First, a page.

As cryptocurrencies got more popular with their skyrocketing rises in 2017, so did the underlying technology that provides the bases for them – the blockchain. First implemented for the public to use when Bitcoin was released in 2009, the blockchain has become one of the most-talked about trends, hitting its peak in terms of search volume on November 26th, 2017. While this seems good for the adoption of blockchain, how is it actually going in numbers? Let’s take a look at adoption rates over the last couple of years.
2016 – The Enthusiasm Started Growing
Although at this time the price of Bitcoin did not hit its All-Time-High (ATH) of $20,000 per BTC, blockchain was still recognized as a technology that offered the potential to change the world. This was evidenced by Deloitte’s report that stated there were almost 27,000 new blockchain projects in GitHub, an online software development platform. The report further stated that the blockchain technology relied heavily on its communities, that were spread among various blockchain projects. A pure example of how a blockchain project reaped the benefit of community work was Ethereum. What started as a work by “just two central figures” from the Bitcoin project, ended up having a lot of support as it had the most number of active projects in the year. Ethereum even continued to hold the number 2 spot in crypto market cap by the time this article was written (October 16th, 2018).
However, still in the same report, there was an average project failure rate of 90%. Usually a blockchain project only started and got active development work on it for about a year, during which the first six months was thought to be the crucial time for it. ICOs were not popular yet, with only 29 raising money that year. In a report from 2016, around 65 percent of surveyed banks were expecting to have new blockchain solutions in production in the next three years time from the date of the survey.
2017 – The Big Exploding Year
2017 was when people “really” started to turn their heads towards the blockchain and cryptocurrencies, as marked by the success of ICOs, raising $5.6 billion. If anything, the success rate of these ICOs was not as encouraging as one might think it would be, with approximately less than half of them (48%) being successful – in the sense that these projects continued to be developed. The good thing was that, probably, various industries and institutions all around the world started their work towards global adoption of the blockchain. For example, IBM, the computer giant, started the development of their product alongside Hyperledger, Linux Foundation’s project, to build a commercial blockchain service that would be able to process more than 1,000 transactions per second.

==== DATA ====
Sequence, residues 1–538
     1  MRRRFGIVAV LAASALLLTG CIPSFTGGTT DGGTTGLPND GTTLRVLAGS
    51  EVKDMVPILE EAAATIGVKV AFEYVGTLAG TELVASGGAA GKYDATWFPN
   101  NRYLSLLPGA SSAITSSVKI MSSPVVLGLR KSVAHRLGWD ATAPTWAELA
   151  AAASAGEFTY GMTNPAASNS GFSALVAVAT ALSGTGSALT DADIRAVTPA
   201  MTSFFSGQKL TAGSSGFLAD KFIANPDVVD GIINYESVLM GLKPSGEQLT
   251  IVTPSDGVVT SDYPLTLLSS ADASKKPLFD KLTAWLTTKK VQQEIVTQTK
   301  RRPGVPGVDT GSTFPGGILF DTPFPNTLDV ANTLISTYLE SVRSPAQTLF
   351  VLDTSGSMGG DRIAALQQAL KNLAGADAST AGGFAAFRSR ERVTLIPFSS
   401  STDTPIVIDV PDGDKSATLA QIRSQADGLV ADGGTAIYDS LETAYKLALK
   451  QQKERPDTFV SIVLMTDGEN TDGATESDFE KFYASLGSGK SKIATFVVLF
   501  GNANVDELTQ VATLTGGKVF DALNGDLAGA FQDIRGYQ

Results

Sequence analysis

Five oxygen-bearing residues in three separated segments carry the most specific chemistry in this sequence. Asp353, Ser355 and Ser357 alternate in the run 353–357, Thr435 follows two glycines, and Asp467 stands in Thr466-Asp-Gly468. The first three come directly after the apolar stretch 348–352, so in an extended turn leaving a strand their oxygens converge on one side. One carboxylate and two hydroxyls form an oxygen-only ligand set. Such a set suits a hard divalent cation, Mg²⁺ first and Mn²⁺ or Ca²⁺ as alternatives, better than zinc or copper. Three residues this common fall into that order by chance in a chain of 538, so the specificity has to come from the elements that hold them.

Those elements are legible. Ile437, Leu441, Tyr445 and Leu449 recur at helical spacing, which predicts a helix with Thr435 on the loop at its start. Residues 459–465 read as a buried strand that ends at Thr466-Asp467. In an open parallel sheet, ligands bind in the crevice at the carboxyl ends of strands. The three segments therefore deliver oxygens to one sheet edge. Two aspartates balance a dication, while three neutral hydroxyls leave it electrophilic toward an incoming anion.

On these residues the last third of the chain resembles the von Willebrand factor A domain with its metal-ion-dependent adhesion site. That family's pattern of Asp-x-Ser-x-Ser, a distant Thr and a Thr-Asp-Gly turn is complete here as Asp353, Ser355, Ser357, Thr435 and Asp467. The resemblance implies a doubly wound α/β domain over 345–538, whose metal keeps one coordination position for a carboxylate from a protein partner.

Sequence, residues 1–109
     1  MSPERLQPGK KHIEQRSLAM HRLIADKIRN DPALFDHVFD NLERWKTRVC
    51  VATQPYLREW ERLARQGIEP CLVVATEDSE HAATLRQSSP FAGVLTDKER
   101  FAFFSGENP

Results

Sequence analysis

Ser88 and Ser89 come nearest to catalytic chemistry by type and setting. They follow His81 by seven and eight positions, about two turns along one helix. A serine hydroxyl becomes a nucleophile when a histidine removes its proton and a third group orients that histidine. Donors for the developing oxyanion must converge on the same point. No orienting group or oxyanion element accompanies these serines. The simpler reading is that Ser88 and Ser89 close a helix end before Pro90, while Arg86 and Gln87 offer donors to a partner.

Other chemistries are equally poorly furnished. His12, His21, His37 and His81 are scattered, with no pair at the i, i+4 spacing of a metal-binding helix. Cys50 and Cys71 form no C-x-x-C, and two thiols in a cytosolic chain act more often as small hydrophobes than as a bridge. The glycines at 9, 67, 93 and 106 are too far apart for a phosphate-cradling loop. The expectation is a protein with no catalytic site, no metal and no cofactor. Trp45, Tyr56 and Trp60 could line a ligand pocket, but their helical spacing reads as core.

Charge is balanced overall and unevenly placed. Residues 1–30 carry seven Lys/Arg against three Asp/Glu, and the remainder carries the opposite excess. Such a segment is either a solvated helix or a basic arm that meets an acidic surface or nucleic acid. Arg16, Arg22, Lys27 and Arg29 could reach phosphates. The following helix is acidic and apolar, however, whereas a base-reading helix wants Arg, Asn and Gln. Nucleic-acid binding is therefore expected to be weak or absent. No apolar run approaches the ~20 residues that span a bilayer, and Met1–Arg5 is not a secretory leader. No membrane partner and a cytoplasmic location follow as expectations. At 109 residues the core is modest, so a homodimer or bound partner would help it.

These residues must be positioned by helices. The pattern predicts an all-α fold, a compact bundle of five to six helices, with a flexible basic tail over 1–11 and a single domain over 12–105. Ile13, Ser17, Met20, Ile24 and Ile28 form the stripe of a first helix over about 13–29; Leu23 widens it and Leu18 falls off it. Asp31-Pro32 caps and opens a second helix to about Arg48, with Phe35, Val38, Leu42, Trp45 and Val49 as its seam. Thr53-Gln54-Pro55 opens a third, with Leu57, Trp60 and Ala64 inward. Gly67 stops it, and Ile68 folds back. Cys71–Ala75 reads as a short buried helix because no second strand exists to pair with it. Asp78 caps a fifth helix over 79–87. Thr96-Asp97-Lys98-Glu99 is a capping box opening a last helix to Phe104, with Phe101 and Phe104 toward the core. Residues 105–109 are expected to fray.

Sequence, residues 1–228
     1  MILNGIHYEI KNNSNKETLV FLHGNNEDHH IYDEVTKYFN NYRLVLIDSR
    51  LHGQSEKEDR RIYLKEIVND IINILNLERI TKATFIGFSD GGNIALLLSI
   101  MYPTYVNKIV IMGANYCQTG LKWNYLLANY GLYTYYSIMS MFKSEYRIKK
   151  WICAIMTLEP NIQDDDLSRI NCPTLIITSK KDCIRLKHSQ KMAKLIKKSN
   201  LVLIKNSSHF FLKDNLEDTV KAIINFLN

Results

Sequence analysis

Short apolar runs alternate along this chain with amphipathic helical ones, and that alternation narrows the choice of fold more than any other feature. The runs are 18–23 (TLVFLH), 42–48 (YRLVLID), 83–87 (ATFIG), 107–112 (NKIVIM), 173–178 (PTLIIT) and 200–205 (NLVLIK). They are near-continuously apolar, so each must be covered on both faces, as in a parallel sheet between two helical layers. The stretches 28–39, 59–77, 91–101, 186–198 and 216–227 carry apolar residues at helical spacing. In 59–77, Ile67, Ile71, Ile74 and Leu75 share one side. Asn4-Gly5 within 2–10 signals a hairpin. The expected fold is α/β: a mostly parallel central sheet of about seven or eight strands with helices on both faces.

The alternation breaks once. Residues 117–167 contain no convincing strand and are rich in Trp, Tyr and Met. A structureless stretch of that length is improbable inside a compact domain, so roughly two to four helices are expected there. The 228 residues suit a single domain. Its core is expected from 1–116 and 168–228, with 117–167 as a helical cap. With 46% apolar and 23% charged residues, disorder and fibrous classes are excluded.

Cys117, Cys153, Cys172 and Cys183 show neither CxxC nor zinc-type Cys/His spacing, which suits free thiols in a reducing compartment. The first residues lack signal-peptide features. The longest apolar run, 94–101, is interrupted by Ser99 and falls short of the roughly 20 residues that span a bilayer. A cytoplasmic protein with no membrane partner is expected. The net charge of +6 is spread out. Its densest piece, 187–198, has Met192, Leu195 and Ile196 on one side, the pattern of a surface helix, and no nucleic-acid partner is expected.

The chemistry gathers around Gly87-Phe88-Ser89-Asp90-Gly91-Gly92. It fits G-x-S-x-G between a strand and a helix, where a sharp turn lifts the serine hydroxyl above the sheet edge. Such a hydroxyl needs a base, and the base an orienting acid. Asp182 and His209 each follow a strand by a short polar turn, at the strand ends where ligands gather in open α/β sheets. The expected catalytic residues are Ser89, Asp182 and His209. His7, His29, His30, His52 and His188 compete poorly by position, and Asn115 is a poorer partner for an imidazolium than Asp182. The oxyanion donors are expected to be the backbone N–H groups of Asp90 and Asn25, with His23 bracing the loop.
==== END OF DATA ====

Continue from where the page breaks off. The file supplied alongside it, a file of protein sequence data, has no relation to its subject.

Adoption further spread in 2017 to the healthcare sector. PokitDok, a healthcare API company, teamed up with Intel to provide a new, blockchain-based solution via smart-contracts. With this solution, they believed it would help increase efficiency, reduce processing times for insurance claims, and cut down on unnecessary bureaucracy processes, resulting in higher customer satisfaction rate.
In terms of general blockchain projects, though, the “less-than-encouraging” fact remained: only 8% of them were generally maintained, meaning that 92% died out for one or more reasons.
2018 – The Year Of Mainstream Adoption?
Nicolas Cole believes it may be. When cross-checked with other sources, one thing is clear: that it looks like blockchain is here to stay for years to come, as there are now thousands of cryptocurrencies, and by the first half of 2018, ICO volume was already double that of the previous year in 2017. General awareness of blockchain and its potential has also been high this year, with more than 8,500 people attending the blockchain week’s Consensus Conference in NYC – a figure definitely higher than the just 700 that attended when the first Consensus Conference was held years ago.
China, despite their ban of cryptocurrencies and mining rigs, is leading in terms of patents secured in the areas of blockchain and cryptocurrency. In India, there’s a new trade network that’s powered by blockchain, developed by Infosys. And, despite their usual attitude that seems to always negate blockchain and cryptocurrencies, the banking world this year has also started real adoption of blockchain technology – for example, HSBC announced their first finance transaction on a blockchain platform.
While adoption seems to be only getting higher and higher, it cannot be overlooked that, still, more than 90% of blockchain projects have ceased to exist – lasting less than 15 months, with approximately half of the ICOs offered failing in the Q2 of 2018.
What To Expect
There’s always two sides to a coin, despite them being digital coins. This being said, while most of ICOs and blockchain projects usually do not survive, we can be hopeful that the other side of the coin can sometimes show up – albeit the chance is currently around 1/10. And this belief is not merely an optimistic outlook – there are reasons why we can think that blockchain has the potential to change the world: its seemingly limitless use outside of the traditional financial market, as well as its security are just to name a couple of them (Forbes seems to agree with us by the way).
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